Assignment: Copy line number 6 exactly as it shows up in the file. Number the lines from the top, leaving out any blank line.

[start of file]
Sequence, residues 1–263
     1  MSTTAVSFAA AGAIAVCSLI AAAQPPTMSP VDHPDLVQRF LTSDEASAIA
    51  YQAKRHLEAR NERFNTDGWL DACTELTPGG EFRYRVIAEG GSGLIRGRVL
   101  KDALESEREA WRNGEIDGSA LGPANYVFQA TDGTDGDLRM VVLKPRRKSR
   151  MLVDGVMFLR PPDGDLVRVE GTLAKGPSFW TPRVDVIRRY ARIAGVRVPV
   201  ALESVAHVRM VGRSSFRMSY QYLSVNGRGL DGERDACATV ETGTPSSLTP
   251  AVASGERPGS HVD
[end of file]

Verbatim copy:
   201  ALESVAHVRM VGRSSFRMSY QYLSVNGRGL DGERDACATV ETGTPSSLTP